We know that First Families can do no wrong. Not even if their abilities to win elections with the leadership they have, as with the Gandhi Family, are poor. Solutions are searched for within the party. If not Rahul Gandhi, then the party cadre is willing to root for Priyanka, his sibling. It is a family that has ‘sacrificed’ for the nation.
That puts first families ahead of the party, and as is the case now in Uttar Pradesh, ahead of the state. Chief Minister Akhilesh Yadav has said that “if outsiders interfere in party family matters, how can we tolerate it?” That is an unambiguous a statement of how the family is of primacy. No wonder, since in 2014 elections, only members of the Yadav family got elected to Lok Sabha.
The father, Mulayam Singh Yadav was as pointed too. In the elections to the Lok Sabha in 2014, he unabashedly has underlined during the on-going crisis, that only the members of the family got elected, apparently because they alone had the merit to find the voters’ approbation. So, when a family is party, and thus controls the resources of a large state, things unravel differently.
Imagine Akhilesh Yadav not being of The Family. Could he have thumbed his nose at the party supremo, Mulayam Singh Yadav, the way he has? In any party, such a rebel would have been unceremoniously thrown out. Here, one would imagine, the leader had to balance the demands of the family and the party that is the family.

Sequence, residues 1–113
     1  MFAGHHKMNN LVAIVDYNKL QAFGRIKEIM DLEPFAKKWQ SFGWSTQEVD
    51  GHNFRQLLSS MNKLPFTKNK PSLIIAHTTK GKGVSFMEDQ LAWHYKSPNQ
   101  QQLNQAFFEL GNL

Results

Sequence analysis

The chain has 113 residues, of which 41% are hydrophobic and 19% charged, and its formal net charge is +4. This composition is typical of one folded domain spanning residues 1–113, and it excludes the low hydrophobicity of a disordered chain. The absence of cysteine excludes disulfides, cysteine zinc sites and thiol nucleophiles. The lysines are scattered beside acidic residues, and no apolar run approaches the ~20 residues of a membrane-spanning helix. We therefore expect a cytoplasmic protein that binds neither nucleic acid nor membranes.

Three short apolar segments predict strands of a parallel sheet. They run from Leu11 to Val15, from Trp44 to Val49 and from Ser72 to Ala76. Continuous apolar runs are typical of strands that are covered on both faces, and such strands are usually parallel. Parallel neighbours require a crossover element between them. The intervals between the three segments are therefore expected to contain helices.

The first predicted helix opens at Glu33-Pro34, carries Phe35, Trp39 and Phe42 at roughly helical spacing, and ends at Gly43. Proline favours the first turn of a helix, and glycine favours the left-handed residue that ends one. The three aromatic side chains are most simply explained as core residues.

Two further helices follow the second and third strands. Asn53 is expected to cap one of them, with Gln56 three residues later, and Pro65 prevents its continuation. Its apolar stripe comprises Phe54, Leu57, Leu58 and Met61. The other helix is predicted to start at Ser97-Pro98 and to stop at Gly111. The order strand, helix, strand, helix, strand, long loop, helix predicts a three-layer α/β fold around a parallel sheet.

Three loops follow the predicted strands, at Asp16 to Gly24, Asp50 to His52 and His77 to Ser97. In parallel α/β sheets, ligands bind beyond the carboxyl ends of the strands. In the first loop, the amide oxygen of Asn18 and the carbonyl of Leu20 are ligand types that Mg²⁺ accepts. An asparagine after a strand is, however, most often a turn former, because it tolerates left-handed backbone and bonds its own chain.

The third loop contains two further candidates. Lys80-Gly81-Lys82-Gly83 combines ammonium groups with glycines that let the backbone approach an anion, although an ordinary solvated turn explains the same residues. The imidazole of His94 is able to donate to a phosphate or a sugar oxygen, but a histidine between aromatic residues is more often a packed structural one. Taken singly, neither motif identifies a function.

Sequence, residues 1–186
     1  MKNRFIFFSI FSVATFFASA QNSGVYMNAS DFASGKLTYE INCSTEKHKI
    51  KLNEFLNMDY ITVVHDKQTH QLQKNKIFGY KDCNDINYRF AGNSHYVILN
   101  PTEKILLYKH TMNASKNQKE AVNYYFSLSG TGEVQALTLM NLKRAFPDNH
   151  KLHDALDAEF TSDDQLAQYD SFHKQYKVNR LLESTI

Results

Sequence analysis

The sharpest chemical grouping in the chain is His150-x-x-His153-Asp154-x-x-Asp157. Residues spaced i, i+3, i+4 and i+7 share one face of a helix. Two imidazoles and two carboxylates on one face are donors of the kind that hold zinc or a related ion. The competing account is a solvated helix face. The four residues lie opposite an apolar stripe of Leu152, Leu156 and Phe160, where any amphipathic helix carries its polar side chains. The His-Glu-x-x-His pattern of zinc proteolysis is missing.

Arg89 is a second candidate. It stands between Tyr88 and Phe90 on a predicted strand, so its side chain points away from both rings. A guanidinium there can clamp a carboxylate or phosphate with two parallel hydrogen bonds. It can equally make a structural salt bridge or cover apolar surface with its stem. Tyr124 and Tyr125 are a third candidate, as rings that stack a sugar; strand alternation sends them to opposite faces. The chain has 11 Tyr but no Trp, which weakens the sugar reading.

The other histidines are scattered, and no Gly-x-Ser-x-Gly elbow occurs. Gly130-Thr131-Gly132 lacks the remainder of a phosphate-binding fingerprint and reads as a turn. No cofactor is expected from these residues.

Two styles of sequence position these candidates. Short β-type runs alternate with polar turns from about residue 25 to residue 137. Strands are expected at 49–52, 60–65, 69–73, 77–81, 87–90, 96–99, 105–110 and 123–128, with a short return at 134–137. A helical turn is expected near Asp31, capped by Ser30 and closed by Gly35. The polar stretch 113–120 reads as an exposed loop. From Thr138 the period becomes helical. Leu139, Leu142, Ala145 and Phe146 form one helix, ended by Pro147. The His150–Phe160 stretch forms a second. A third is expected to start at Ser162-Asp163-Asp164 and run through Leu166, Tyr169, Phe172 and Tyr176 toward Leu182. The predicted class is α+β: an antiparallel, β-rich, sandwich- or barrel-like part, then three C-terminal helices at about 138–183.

Sometime ago I had written about how the parliamentary party could perhaps have a full quorum if the elected from Samajwadi Party met at the family dinner table. The party posts, the parliamentary seats, the government offices they hold, overlap ever so nicely that it is not unusual for the son, Akhilesh Yadav to refer to father Mulayam Singh not as papa or daddy or pitaji but Netaji. That about sums it up.
Yesterday, the elder Yadav fumed about the younger Yadav thus: “What happened despite his being the CM? Only five members of the family won. If I had listened to Shivpal (Yadav, brother), we would have won 30-35 seats and I would have been the PM”. Filial bonds keep the machete away and the CM who did not help the father-cum-party supremo grab the highest office, it is only a jumla.
Yet, such a son-cum-chief minister who has been scolded publicly by Mulayam, will now have the right, as per the peace formula, to choose candidates for the forthcoming elections to the UP Legislative Assembly. But here comes the contradiction: Yesterday, the elder Yadav said that Akhilesh “should remember that people have accepted him as CM because he is my son”.
“He never had any individual standing in politics,” said Mulayam, which again underscores the point: a person, according to Mulayam, is good enough to steward a state, by virtue of lineage. It is not my view that Akhilesh is unfit for the post he holds, but it is disheartening to see people in key positions, including having dreamt of prime ministership, argue for or against on the basis of their DNAs.
Of course, there are other families across the country which hold sway in politics of a state – the Pawars of Maharashtra, the Lalu Yadav family of Bihar, and if you sit with a paper and pen, can easily draw up a list of families that count in parties and the states. They may not be in power, but there, lineage has precedence over other considerations. It could be at the taluk or even the district level.